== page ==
herne bay udc arms
herne bay device
Former Device

The blue and white waves are an obvious reference to the sea. The heron is allusive to the name, and was the device of the Council before the arms were obtained. The crosses, ecclesiastical emblems of Chist Church, denote the cathedral church of the Diocese and the parish church of Herie Bay.
The lymphad recalls the Roman occupation of the fort of Regulbium, now Reculver, and the ox is from the arms of Sir Henry Oxenden, one of the chief landowners in the district when Herne Bay was developed in the eighteen-thirties.


ARMS: Per pale Gules and Azure a Chevron Argent between in chief a demi Lion passant guardant conjoined to the demi-Hulk of a Ship Or and in base a Horse rampant of the third.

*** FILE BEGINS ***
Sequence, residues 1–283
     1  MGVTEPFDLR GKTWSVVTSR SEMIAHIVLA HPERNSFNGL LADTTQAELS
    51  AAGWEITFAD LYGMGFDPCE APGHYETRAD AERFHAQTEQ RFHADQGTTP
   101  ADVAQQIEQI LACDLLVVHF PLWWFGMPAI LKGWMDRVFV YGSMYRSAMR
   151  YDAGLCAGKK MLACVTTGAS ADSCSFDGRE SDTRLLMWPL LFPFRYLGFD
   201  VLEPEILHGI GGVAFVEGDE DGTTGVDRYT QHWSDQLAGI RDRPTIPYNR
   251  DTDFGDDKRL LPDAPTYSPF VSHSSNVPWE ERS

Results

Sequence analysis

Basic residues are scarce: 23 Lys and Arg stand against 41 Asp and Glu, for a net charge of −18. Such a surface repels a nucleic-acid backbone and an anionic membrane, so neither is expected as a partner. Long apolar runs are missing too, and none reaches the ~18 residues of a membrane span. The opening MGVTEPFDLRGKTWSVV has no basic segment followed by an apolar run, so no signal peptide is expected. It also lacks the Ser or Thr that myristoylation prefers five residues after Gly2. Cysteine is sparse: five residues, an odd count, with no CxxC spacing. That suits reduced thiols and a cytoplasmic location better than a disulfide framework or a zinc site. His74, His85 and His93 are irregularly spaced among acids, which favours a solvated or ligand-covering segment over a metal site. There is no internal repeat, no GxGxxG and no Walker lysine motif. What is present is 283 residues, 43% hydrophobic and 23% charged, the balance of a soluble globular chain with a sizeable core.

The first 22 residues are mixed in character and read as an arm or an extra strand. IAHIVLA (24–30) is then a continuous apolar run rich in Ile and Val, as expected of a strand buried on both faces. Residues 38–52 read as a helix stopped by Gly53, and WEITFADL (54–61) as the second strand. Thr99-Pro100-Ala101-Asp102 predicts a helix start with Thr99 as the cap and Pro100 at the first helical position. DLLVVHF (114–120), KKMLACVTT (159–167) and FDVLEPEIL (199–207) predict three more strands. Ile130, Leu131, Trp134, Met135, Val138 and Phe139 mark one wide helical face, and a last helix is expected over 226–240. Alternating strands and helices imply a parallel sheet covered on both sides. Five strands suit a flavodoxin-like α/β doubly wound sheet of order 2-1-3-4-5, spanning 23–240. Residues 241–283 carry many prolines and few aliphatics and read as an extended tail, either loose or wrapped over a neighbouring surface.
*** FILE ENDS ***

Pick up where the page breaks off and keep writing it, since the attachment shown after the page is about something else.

CREST: On a Wreath of the Colours a Sea Horse supporting the Mast of a Ship with Yard and Rigging all proper.

Granted 12th January 1858.

Picture taken from here.

margate bc arms

The lion-hull is that of the Cinque Ports, as Margate was anciently a non-corporate limb of Dover. The white horse represents the county and the emblems on the crest are appropriate for a seaside town.


ARMS: Or a Fesse wavy Azure charged with a Barrulet wavy Argent in chief two Mural Crowns Gules and in base a Torteau thereon a Sword erect proper pommel and hilt Gold the blade enfiled with a Chain of Steel also proper and the whole within a Bordure Vert.
CREST: On a Wreath of the Colours a Horse rampant Argent gorged with a Mural Crown Gules.

Motto 'PROGREDIOR' - I progress.
Granted 30th July 1956.

Incorporated into the London Borough of Bromley in 1965.

Picture used with permission, do not reproduce.

orpington udc arms